An armed response officer came to the rescue of an eight year old girl who was hiding in a cupboard after pressing an emergency panic button during a house robbery in Glenmore.
The incident has highlighted the importance of ensuring panic buttons are regularly tested and of educating small children about what to do in a home emergency.
Blue Security community and media liaison officer Andreas Mathios said an intruder had forced open the front door of the Nicolai Crescent house to gain entry, after the child’s mother went out for a few minutes to give someone a lift to the street corner. “The suspect walked in while the child was watching TV and told her to be quiet. The quick thinking child pressed a panic button which frightened the intruder, who grabbed a set of headphones from the house and fled the scene,” Mathios said.
“When the officer arrived at the house in response to the panic alarm, he found the little girl hiding in a cupboard. She climbed out and wiped her tears away, relieved to have survived the ordeal without injury.”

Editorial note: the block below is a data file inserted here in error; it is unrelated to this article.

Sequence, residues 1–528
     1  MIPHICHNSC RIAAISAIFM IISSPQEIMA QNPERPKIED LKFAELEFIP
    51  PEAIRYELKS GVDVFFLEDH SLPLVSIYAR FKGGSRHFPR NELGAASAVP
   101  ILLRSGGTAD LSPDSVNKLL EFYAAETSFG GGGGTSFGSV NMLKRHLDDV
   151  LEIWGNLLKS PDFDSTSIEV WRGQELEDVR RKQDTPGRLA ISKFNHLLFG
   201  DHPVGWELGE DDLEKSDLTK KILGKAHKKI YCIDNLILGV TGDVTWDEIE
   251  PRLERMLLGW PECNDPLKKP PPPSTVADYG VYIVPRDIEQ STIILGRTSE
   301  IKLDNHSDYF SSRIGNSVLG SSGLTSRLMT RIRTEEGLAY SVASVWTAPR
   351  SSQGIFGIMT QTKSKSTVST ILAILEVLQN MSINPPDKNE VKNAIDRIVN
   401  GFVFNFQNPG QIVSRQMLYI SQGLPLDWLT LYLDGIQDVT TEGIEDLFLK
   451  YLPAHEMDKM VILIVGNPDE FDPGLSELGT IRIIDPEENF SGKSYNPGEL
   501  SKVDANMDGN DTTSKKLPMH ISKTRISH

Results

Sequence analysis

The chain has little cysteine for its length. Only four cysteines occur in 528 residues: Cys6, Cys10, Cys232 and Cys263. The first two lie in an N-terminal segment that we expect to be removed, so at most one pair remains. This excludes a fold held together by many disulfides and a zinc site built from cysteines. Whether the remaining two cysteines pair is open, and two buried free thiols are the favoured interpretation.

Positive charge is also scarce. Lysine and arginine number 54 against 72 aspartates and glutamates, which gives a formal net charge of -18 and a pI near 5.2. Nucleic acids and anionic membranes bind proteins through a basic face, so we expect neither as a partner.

Mathios said it was vital to test panic alarms from time to time because systems could become faulty without a home owner being aware of the problem. “When you test the panic buttons get your children involved and use it as a way of teaching them what to do in an emergency. Notify your security company before you conduct the test to avoid having vehicle, which could be needed in a real emergency, from being sent to your home during the exercise,” he said
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